Thus, no matter how hard they tried to connect with us by mentioning their Mexican, Salvadoran, African-American, blue, white, red or purple affiliation, it was clear to them that we didn’t want big corporations dictating our lives. We want equitable funding for working class people, better public services and high quality infrastructure, and more power in decision-making process for new developments, housing projects and job opportunities. They might look like us, but if their campaigns are funded by banks, corporations and the so called “philanthropic big brother,” then we don’t want them to represent us.

Although some stressed the fact that since Latino residents are the great majority in CD9, a Latino representative could better suit this community. If it were the case, why is Gil Cedillo, a Mexican-American, running for office in the greatest Central-American district, and why are [Ron] Gochez and [Ana] Cubas, both of Salvadoran descent, persuading Mexican and Black residents to vote for them? Why do Curren Price Jr., David Roberts, and Mike Davis — none of them Mexican-American — think that they could represent CD9 residents better; they should be running for CD8 instead.

Even more outrageous is to hear people concerned with keeping the “black man” in power. This has nothing to do with “black and brown” tensions in South L.A. and it is not about skin color, right? With all due respect, they should know that it was Gilbert Lindsay, a black council member who almost destroyed the pride and character of this former black community. They should go and ask [Eighth District Councilman] Bernard Parks’ constituents how they feel about him too. I believe they feel almost like us when someone mentions Antonio Villaraigosa, Monica Garcia, or Marco Rubio.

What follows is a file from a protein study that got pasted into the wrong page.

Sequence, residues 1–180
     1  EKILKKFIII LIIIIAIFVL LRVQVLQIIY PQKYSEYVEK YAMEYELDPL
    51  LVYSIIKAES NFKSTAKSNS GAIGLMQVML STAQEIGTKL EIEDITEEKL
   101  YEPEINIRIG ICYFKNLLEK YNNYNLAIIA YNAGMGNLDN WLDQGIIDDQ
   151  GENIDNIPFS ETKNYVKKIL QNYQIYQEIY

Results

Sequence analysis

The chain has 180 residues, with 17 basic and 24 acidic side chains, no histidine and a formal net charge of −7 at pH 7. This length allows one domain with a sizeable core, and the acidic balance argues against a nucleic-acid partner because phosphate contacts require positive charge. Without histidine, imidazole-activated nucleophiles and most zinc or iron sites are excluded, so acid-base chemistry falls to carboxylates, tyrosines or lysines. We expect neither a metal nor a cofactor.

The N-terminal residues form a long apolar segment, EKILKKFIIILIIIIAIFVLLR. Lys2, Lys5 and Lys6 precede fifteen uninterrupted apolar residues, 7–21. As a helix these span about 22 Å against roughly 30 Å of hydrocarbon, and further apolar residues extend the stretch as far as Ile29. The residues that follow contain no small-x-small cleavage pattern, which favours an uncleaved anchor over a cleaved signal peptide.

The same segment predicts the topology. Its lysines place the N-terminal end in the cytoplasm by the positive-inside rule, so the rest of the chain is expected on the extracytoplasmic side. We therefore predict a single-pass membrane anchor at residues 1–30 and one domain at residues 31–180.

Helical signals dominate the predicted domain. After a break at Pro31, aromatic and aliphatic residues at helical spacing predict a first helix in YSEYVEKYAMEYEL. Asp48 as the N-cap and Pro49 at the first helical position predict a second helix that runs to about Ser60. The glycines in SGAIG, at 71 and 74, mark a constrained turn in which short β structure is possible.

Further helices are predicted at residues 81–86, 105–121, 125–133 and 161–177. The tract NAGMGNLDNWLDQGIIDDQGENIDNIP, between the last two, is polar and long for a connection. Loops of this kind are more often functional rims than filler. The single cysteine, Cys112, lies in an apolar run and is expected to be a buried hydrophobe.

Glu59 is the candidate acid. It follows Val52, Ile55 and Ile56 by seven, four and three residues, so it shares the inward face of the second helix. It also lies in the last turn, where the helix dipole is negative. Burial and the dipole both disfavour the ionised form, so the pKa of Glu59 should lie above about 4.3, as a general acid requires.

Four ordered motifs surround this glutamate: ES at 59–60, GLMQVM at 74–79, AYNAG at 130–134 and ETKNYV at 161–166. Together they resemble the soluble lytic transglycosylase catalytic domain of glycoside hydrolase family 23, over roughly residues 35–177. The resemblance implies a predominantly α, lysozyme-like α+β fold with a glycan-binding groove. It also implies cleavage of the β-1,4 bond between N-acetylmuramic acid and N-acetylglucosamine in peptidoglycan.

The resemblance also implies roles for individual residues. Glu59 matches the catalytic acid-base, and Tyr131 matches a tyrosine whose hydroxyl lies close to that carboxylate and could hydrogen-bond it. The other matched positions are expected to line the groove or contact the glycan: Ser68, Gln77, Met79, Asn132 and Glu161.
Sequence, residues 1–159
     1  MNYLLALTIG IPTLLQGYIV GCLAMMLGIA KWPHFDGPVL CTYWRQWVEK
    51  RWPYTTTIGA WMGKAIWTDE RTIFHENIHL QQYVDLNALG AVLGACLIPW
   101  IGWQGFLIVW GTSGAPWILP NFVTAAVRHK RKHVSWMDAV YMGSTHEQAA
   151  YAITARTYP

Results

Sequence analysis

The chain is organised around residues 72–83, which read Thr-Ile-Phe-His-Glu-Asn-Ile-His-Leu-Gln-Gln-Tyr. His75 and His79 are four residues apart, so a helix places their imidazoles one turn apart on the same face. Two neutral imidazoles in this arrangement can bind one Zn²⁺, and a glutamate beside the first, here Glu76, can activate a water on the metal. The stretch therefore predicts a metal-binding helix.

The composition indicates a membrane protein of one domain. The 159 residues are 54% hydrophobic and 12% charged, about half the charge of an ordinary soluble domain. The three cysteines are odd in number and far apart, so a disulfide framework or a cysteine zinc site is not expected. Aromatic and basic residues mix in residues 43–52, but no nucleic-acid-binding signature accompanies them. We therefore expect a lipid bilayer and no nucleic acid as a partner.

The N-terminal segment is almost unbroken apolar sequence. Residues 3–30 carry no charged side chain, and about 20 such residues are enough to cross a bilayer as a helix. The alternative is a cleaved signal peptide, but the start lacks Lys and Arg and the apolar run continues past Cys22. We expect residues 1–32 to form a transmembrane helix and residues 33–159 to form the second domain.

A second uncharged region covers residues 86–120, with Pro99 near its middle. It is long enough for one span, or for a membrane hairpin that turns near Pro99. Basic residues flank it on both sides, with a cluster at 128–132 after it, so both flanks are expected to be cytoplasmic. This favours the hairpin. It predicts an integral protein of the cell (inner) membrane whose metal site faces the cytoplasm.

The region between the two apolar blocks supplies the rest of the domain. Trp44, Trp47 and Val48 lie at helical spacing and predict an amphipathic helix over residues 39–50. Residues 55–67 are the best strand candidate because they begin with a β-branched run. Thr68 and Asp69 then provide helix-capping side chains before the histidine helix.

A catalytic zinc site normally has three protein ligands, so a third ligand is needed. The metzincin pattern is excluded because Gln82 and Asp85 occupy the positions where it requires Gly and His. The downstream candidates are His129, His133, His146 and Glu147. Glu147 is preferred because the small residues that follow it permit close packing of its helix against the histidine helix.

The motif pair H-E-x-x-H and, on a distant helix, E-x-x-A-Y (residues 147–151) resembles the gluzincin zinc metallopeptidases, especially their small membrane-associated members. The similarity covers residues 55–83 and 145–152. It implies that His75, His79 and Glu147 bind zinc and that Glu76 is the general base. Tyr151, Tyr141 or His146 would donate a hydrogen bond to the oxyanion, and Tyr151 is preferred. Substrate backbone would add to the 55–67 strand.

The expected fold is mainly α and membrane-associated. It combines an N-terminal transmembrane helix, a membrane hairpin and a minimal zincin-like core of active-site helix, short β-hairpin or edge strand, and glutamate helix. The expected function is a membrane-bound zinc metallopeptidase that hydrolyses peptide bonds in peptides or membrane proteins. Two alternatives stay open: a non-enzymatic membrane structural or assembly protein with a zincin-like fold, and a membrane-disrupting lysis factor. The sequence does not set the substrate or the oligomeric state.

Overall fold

My intention is not to divide but to raise awareness that skin color should not be the standard. Those comments really disappoint me in a similar way that others felt discouraged when Cubas and Gochez expressed few remarks in Spanish, though most people — like me — preferred to vocalize issues around education, job training and gentrification. Let’s be honest, a community like mine, holding so many amenities, cultural richness and leisure opportunities is a hidden treasure, a main target of developers and gentrification is already taking place. The rich want our land and they are willing to invest in a physically and mentally disconnected “token” to make it faster.

Please don’t get me wrong, we don’t need a “hometown candidate” that has never been outside of this community and can’t think outside of the box. I don’t believe in a candidate that adjusts his thoughts and manners to please different audiences. How can I trust in a candidate that is taking credit from somebody else’s work to enhance his efforts and commitment, a candidate that was paid to perform some specific tasks under somebody else’s administration, and later feel proud and confident to say “I did it” in a public forum.

Why do we have to use our gender, race, and our humble background to make the statement that we are better. I know rich people that are humble, peaceful and that really care about the poor. I also know poor people who, once they got in a position of power, turned around and became unconscious dictators. I know a lot of female politicians holding important positions of power supporting male agendas and constantly voting against female rights.

I do really want to see change, but change from the grassroots level to the glass ceiling. As a woman, I doubt other women that are successful based on male agendas. As an immigrant, I feel uncertainty around the police department. As minority, I distrust blue eyes. As an educated person, I know how politicians have used and abused this community. As a mother and wife, I need better opportunities for my husband and my kids that Wal-Mart has never provided.

As an activist, I admire Cesar Chavez and Dr. [Martin Luther] King, but what I learned from them is that they never left people behind to run for office and they died fighting for their cause. We don’t need another hero. But if we really want to stop our politicians from being accountable to corporations, then we need to invest in them and work on their campaigns, so they will only be accountable to us… their real constituents. Then, let’s put on our running shoes to walk precincts and make this happen.